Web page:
After school shooting, some states move to ease gun rules
WASHINGTON — As Congress gears up for a fight over possible new gun restrictions, lawmakers in some states have pushed in the opposite direction — to ease gun rules — since the Dec. 14 massacre of 20 first-graders and six women at a school in Newtown, Conn.
None exactly matched the proposal Friday by Wayne LaPierre, head of the National Rifle Assn., to train and deploy armed volunteers to help guard schools around the country.
Legislation has been proposed, however, to allow teachers or other school workers to carry firearms in schools in at least seven states: Missouri, Oklahoma, South Carolina, South Dakota, Tennessee, Texas and Virginia.
“I want a last line of defense,” said Jason Villalba, a Republican and newly elected Texas state representative who plans to introduce the Protection of Texas Children Act to allow schools to designate staff members as armed “marshals” provided they undergo special training.
Some lawmakers have gone further, proposing that any teacher with a permit to carry a concealed weapon be allowed to bring it into school.
“It is incredibly irresponsible to leave our schools undefended — to allow mad men to kill dozens of innocents when we have a very simple solution available to us to prevent it,” said Oklahoma state Rep. Mark McCullough, a Republican who plans to sponsor legislation to allow teachers and principals to carry firearms in schools after they undergo training.
Several states have pushed for stiffer regulations. In California, lawmakers have proposed strengthening already tough state gun laws, including requiring a permit and background checks for anyone who wants to buy bullets.
Michigan Gov. Rick Snyder, a Republican, vetoed a bill last week that would have allowed gun owners with concealed weapon permits to carry their firearms into schools and other public places. Snyder objected that it didn’t let institutions opt out and prohibit weapons on their grounds.
The different legislative responses underscore the difficulty of reaching a political consensus on guns, an issue that often divides lawmakers by geography as much as party affiliation.
Support for gun control measures is much higher in Democratic strongholds in the Northeast and West than in Republican bastions in the Midwest and South, according to polls. But sometimes the divisions are much closer.
Gov. Martin O’Malley of Maryland, a Democrat, complains about “too many guns” and plans to seek gun control legislation.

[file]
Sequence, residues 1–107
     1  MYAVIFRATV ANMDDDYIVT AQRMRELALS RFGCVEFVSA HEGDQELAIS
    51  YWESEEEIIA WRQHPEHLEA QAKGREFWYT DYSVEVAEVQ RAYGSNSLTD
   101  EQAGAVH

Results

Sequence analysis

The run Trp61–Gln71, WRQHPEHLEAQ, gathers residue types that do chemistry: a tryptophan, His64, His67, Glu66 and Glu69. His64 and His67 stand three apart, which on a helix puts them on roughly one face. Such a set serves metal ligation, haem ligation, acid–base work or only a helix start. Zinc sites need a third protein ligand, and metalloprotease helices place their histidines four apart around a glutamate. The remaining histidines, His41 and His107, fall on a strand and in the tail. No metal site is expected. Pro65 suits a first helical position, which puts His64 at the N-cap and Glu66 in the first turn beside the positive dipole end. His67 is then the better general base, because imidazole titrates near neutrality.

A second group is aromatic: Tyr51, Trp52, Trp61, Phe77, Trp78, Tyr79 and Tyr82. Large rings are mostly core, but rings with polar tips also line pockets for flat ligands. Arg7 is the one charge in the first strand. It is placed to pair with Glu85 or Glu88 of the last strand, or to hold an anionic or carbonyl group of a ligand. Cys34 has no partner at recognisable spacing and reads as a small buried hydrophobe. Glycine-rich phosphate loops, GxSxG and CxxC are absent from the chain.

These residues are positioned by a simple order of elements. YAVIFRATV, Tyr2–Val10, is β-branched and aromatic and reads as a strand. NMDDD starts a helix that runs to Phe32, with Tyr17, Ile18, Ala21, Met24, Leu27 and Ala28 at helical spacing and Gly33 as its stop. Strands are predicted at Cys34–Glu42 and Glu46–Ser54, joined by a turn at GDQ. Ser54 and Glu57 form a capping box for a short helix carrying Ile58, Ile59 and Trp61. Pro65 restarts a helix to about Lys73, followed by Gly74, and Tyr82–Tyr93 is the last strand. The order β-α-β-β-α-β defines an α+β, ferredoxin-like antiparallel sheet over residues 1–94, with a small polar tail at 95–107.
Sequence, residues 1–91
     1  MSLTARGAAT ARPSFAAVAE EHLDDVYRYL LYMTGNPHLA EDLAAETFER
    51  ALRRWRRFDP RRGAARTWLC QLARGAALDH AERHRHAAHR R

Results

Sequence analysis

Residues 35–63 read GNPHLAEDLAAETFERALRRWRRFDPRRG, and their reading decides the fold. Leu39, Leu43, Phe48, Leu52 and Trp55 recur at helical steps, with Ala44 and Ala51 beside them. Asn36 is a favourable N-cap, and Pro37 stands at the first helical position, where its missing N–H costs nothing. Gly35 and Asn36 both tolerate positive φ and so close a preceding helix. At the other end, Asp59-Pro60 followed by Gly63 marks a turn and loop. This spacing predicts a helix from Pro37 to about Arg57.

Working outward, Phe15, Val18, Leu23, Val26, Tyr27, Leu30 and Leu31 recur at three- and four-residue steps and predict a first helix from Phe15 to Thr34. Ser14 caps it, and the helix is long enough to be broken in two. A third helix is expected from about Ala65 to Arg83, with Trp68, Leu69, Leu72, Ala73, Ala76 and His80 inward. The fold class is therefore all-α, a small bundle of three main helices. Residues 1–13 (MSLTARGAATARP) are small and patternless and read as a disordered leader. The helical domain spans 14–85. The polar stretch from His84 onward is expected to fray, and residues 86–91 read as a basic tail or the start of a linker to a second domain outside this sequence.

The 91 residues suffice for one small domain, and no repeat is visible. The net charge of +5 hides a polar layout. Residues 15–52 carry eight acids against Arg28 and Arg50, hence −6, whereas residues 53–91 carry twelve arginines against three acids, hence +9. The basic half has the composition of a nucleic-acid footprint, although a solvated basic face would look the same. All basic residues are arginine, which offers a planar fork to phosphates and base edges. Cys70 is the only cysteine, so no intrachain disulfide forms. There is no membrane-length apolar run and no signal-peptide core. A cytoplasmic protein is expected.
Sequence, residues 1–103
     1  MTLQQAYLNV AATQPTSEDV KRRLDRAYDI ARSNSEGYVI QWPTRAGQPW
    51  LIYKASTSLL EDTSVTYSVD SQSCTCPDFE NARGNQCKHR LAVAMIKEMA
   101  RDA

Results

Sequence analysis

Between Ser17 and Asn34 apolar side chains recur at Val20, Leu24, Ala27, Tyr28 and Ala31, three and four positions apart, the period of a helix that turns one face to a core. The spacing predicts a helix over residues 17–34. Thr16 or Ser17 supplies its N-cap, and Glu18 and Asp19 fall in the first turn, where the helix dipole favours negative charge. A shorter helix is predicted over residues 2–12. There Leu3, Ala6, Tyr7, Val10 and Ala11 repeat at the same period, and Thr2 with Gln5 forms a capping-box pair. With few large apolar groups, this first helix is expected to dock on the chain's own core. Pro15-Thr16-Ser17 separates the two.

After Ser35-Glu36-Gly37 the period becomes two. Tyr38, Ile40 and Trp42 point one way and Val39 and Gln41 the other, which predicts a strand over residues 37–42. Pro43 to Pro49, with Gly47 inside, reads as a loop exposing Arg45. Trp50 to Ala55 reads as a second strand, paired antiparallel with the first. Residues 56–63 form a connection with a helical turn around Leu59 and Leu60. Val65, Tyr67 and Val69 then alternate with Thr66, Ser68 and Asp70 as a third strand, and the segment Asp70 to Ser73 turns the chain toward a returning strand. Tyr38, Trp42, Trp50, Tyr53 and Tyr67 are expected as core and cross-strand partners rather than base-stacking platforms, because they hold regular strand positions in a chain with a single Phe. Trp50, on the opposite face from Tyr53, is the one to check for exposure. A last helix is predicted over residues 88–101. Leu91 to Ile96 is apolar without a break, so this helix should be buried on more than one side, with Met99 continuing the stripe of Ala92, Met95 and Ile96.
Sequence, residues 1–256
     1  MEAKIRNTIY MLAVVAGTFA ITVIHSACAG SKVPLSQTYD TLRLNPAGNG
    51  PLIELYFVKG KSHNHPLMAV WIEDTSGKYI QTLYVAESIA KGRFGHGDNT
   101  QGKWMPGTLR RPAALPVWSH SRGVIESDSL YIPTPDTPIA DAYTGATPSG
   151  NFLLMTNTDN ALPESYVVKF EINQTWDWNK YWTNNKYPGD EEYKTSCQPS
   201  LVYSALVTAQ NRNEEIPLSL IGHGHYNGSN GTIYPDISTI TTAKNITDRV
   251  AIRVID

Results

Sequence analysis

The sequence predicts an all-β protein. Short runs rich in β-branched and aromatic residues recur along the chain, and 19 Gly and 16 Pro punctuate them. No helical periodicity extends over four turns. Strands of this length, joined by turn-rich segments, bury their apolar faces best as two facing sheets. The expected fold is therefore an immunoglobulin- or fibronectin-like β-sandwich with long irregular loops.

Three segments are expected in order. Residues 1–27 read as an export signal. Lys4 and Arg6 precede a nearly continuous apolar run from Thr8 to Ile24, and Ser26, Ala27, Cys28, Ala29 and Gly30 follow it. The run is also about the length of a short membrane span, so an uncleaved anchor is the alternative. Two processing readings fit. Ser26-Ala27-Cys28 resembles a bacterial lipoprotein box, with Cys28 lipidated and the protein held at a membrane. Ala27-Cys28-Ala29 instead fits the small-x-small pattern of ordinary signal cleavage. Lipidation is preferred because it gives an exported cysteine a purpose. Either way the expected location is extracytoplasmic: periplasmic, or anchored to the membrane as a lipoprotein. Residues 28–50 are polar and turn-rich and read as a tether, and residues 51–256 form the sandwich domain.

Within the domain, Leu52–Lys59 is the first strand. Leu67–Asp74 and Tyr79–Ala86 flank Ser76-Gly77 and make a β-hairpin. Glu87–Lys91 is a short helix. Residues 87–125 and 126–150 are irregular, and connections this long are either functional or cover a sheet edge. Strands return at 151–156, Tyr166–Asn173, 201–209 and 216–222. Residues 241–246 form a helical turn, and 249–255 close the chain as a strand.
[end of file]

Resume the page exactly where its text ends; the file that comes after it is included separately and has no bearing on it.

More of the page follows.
In neighboring Virginia, Gov. Robert McDonnell, a Republican, said the idea of arming school personnel was worth a discussion.
“If people were armed, not just a police officer but other school officials who were trained and chose to have a weapon, certainly there would have been an opportunity to stop aggressors coming into the school,” McDonnell told WTOP radio in Washington.
The idea of arming teachers or administrators has drawn plenty of criticism.
“I’ve not heard from a single teacher or administrator who said that they want to go to school armed with a gun,” said Meg Gruber, president of the Virginia Education Assn.
“Why in the world would you even think of doing this?” added Dennis Van Roekel, president of the National Education Assn. He said Sandy Hook Elementary School in Newtown “did everything right. … But you can’t stop somebody with an automatic assault rifle from shooting out a window and coming through.”
Betty Olson, a Republican state representative in South Dakota who proposes allowing teachers with concealed weapon permits to bring their firearms into schools, said she had gotten a favorable response.
“We’ve got a few anti-gun liberals who think that that’s crazy, allowing anybody with a gun into the school,” she said. “Never mind those lunatics.”
South Carolina state Rep. Phillip D. Lowe, a Republican who proposes to allow concealed weapon permit holders who undergo rigorous training to bring guns into school, agreed.
“There’s always some people who are opposed to anything with the letters G-U-N,” he said.
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